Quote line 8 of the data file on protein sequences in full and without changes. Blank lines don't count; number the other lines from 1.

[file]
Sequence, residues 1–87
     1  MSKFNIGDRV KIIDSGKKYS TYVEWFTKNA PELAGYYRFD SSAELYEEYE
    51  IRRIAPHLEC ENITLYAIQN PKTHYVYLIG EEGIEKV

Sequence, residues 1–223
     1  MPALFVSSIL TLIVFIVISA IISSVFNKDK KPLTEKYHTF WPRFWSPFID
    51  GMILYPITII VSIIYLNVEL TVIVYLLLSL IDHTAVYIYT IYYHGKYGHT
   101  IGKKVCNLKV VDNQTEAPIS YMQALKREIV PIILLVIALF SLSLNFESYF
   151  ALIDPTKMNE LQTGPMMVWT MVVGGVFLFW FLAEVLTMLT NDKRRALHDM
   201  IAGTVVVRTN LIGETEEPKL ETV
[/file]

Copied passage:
   151  ALIDPTKMNE LQTGPMMVWT MVVGGVFLFW FLAEVLTMLT NDKRRALHDM